Oreo Built A Doomsday Vault To Preserve Cookies For Future Generations

by : Emily Brown on :

Oreo Built A Doomsday Vault To Preserve Cookies For Future GenerationsOreo

Picture the scene: you wake up, surrounded by dust and rubble, to find an asteroid has struck the Earth.

Sorry, I know it’s bleak, but bear with me for a minute.

Somehow, you’ve survived the disaster. You emerge from the wreckage to find almost everything has been wiped out. But then, among the darkness, comes a glimmer of hope – a vault, full to the brim with Oreos, has survived. There will be joy on Earth again.


Learn more about the genius invention below:


Of course, it’s unlikely an asteroid will strike Earth any time soon – scientists tend to be able to give us a heads-up about that kind of thing – but if a disastrous event like that should ever occur it’s good to know that some of the world’s most precious creations will be safe.

The idea for an Oreo vault was inspired by Twitter user Olivia Gordon, who asked the all-important question: If an asteroid hits Earth, who will save the Oreos?


Olivia was referring to asteroid 2018VP1, which actually ended up zipping by Earth yesterday, November 2, without collision, but it’s better to be safe than sorry!

In a truly epic PR video shared by Oreo, brand manager Beth McMorrow said she came across the tweet and started to worry about the fate of the cookies until she learned about the seed vault, a container which houses the world’s seeds to keep them safe from global disaster.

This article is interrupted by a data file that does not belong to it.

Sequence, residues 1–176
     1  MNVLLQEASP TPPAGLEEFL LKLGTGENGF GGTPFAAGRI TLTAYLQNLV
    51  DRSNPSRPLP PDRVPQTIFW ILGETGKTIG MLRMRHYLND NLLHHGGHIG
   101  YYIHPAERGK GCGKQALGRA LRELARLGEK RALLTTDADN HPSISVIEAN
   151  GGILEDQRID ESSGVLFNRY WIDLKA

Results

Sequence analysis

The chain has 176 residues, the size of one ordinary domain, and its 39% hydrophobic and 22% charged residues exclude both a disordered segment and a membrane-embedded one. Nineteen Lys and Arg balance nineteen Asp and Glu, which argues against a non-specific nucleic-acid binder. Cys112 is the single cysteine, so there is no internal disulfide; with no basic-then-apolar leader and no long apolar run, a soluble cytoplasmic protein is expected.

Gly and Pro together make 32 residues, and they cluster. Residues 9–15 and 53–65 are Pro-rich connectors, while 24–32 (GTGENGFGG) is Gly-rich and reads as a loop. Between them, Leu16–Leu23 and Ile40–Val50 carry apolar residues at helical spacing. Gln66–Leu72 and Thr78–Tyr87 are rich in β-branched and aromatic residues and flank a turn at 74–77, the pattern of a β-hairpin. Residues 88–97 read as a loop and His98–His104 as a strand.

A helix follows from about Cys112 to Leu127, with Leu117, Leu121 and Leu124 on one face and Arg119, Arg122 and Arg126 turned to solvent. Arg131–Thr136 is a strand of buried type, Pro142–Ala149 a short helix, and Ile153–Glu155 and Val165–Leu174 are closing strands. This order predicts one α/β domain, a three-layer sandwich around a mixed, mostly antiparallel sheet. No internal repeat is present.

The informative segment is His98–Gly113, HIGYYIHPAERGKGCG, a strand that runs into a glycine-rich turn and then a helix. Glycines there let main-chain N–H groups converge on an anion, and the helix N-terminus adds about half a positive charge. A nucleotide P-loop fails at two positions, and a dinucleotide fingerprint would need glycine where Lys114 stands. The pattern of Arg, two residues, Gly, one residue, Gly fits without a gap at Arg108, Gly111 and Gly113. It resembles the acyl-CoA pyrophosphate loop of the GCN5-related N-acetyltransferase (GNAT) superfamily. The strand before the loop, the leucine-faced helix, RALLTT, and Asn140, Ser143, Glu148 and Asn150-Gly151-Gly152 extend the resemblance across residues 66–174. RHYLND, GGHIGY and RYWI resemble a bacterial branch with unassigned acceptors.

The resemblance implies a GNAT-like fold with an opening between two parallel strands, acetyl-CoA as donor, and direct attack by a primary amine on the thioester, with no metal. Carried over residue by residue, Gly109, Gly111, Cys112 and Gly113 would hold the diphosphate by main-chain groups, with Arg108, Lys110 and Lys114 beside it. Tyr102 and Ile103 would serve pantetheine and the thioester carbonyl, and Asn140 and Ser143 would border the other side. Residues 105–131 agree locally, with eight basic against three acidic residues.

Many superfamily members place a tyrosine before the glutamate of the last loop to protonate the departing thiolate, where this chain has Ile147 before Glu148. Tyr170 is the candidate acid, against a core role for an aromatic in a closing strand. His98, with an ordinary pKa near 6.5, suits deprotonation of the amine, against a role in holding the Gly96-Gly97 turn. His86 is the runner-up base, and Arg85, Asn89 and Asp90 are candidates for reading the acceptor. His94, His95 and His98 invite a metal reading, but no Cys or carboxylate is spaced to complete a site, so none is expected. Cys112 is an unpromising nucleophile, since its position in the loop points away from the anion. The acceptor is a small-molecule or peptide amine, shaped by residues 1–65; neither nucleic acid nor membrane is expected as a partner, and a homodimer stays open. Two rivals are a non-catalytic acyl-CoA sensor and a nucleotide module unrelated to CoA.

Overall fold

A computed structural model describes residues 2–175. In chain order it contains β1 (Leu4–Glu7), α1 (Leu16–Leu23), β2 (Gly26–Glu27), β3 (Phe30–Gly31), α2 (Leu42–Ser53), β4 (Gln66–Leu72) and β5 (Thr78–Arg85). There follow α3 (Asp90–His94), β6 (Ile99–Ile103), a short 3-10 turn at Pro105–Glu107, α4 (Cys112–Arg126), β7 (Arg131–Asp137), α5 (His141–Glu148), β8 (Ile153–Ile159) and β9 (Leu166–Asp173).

After a trip to Norway and few panicked days of construction, the Oreo vault was complete, ensuring the safety of a supply of the cookies along with some powdered milk so they can be enjoyed as the creators intended.

Oreo vaultOreo Cookie/Twitter

It’s probably worth acknowledging the fact that Oreos do have a shelf life, so it’s entirely possible future generations will be met with packets of cookies that are a few decades past their best, but the creators of the vault planned for such an eventuality by making sure to include the recipe for Oreos in the vault, too.


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The company provided the coordinations for the precious container in Svalbard, Norway, though it assured visitors they’d see it, saying: ‘It’s the one down the road from the giant seed vault’. Oreo also stressed that anyone who attempts to enter the vault before a doomsday event will be met with a passcode and Sven, the human head of security.

The fact that we’re all still here after the event that prompted the vault’s creation indicates that people won’t be rushing to raid its supplies any time soon, but should the end of the world ever loom again, it’s good to know the cookies are safe.

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Emily Brown

Emily Brown first began delivering important news stories aged just 13, when she launched her career with a paper round. She graduated with a BA Hons in English Language in the Media from Lancaster University, and went on to become a freelance writer and blogger. Emily contributed to The Sunday Times Travel Magazine and Student Problems before becoming a journalist at UNILAD, where she works on breaking news as well as longer form features.

Topics: Food, Asteroid, Now


Oreo Cookie/YouTube and 1 other
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  2. Oreo Cookie/Twitter